Wednesday, December 31, 2008
Should auld acquaintance be forgot,
Never. How could I? I keep them in my heart where they stay warm and toasty on a night that’s 22 degrees below zero..
and never brought to mind,
Every day I thank them for being in my life. They are a part of me as surely as my hands and feet and head are a part of me. I leave a part of myself with every person I meet, and take a part of them with me.
should auld acquaintance be forgot,
Without them, and one in particular, I would not be here writing this. I would not be writing at all.
for the sake of auld lang syne.
On these cold, cold nights in Alaska, when I stuff the woodstove with spruce and birch, and drink mugs of Mint Chocolate Truffle hot chocolate, I think back on a year filled with adventure and the company of good friends.
For auld lang syne, my dear,
for auld lang syng,
we’ll take a cup of kindness yet,
for auld lang syne.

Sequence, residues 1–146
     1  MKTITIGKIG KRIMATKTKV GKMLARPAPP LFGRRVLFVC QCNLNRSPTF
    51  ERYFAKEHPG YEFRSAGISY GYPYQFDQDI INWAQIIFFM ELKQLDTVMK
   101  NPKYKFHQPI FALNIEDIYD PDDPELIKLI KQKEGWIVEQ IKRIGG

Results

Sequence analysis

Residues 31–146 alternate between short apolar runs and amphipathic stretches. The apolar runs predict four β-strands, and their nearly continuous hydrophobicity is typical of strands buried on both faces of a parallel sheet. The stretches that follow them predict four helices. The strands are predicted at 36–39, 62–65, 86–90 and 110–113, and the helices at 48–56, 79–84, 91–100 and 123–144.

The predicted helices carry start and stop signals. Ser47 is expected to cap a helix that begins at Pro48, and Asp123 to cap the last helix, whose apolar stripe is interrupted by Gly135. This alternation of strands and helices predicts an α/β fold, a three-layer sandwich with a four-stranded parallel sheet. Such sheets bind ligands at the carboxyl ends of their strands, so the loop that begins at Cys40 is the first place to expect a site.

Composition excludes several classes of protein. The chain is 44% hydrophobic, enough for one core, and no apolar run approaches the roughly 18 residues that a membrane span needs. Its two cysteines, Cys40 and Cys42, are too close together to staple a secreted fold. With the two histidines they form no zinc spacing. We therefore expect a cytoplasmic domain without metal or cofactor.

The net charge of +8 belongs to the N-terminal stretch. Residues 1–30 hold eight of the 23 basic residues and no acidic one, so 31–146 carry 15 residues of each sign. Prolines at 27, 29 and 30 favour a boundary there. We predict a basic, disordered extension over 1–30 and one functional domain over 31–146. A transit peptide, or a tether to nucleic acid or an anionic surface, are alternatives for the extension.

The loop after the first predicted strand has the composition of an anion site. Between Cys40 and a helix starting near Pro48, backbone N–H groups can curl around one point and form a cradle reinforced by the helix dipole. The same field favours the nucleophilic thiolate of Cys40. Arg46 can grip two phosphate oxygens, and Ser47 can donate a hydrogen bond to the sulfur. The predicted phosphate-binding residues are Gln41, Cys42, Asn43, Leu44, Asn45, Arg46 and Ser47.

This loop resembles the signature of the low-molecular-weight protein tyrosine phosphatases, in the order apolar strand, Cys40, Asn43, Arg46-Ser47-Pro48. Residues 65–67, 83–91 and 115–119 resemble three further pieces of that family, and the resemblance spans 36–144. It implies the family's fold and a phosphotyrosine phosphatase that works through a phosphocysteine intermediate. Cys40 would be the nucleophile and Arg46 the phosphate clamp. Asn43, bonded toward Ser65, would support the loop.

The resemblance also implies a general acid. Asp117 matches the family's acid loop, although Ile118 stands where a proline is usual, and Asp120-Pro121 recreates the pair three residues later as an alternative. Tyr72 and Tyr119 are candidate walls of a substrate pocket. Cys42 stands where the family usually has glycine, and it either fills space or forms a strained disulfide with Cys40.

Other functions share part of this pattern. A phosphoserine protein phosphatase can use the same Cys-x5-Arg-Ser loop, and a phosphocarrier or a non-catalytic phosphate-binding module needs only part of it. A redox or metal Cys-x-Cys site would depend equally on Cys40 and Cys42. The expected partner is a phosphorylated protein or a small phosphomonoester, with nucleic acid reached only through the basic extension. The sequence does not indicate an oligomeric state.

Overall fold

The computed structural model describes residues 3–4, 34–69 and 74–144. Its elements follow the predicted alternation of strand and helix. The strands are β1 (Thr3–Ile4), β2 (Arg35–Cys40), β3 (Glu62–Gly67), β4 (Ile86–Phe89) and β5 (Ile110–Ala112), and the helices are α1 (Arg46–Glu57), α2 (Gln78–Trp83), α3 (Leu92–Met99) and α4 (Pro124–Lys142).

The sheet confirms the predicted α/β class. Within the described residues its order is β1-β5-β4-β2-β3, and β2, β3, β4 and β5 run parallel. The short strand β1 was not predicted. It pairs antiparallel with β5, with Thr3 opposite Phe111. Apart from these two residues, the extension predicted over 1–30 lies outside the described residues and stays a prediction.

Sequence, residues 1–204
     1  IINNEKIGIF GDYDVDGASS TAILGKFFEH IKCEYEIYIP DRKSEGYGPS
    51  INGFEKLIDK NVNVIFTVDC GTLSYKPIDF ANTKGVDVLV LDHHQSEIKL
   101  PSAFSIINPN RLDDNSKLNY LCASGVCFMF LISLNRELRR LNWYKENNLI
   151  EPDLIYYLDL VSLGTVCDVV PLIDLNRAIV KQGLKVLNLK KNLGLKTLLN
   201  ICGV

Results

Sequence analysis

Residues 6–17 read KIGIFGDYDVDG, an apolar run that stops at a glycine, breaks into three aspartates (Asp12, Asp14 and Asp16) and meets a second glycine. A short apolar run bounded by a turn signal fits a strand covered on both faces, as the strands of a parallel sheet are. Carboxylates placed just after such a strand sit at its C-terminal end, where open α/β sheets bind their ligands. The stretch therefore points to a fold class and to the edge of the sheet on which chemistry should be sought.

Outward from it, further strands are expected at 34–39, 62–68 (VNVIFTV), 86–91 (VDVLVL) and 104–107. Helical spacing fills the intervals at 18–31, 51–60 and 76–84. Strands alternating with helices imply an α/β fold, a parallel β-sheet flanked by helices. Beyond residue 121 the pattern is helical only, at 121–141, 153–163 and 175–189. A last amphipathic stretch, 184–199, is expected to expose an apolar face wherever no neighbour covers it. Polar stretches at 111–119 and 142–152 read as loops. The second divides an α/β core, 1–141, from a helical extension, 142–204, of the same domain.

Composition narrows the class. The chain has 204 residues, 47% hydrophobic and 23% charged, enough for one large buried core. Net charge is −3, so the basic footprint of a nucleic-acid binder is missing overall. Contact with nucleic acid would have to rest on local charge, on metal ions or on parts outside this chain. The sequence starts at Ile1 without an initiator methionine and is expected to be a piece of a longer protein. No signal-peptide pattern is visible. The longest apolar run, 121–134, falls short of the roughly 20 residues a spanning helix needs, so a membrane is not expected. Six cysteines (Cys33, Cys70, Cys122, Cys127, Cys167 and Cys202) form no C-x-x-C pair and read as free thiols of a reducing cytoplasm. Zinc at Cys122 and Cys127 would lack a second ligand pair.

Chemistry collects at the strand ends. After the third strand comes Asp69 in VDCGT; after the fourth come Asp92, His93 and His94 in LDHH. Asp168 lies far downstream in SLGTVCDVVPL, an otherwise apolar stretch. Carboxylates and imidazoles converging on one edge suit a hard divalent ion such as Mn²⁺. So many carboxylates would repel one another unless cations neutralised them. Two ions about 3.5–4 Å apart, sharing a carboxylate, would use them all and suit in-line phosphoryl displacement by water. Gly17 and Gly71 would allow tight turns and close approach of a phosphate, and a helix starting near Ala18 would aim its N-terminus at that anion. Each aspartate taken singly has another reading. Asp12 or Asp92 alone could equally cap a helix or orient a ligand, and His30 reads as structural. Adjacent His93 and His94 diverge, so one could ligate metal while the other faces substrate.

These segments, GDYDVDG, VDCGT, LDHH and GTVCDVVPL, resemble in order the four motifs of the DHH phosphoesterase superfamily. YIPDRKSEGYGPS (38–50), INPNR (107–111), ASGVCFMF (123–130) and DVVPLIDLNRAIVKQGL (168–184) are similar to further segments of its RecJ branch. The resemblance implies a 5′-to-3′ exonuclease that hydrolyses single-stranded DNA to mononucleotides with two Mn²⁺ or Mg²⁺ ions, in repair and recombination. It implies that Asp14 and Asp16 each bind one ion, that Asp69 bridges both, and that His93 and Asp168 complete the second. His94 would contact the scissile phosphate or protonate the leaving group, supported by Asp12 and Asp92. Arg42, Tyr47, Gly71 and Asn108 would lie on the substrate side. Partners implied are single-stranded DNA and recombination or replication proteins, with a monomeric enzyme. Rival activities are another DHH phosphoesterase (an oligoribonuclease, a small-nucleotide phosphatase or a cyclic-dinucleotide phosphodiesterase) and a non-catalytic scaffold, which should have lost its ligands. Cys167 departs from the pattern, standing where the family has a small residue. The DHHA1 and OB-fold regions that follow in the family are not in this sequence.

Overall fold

And there’s a hand my trusty friend!
Let me help you with that. It’s the least I can do.
and give us a hand o’ thine!
I will never forget the hands extended to me as my husband fought Alzheimer’s for seven years, nor the hands that helped me stand up in the aftermath.
and we’ll take a right good-will draught,
We’re all in this together, aren’t we?
for auld lang syne.
Remember. Always, remember: “Life is not measured by the number of breaths we take, but by the number of moments that take our breath away.”--Anonymous
Love and hugs from Gullible and Pablo the parrot, who currently is locked in his cage because our temporary house guest Koa, a large dog of perhaps husky and German shepherd lineage, with some giraffe mixed in to account those those stupendously long legs, wants to have Pablo for a snack.
Tuesday, December 30, 2008
The ice-glazed highway was worth not even a blip on my muse's radar, until the rear end of my truck attempted to pass the front end, that is. I switched into four-wheel drive and ended that excitement. The highway guys had etched deep grooves into the ice with a serrated blade mounted on some type of equipment—either the grader or the belly-mounted blade beneath the sand truck. The road was sprinkled with a sodium-treated sand, though at these temperatures neither the sand nor the sodium chemical do much good and are quickly kicked off to the sides of the pavement. Nonetheless, in four-wheel drive, and studded tires all around, I was able to drive at relatively normal speeds without too much concern.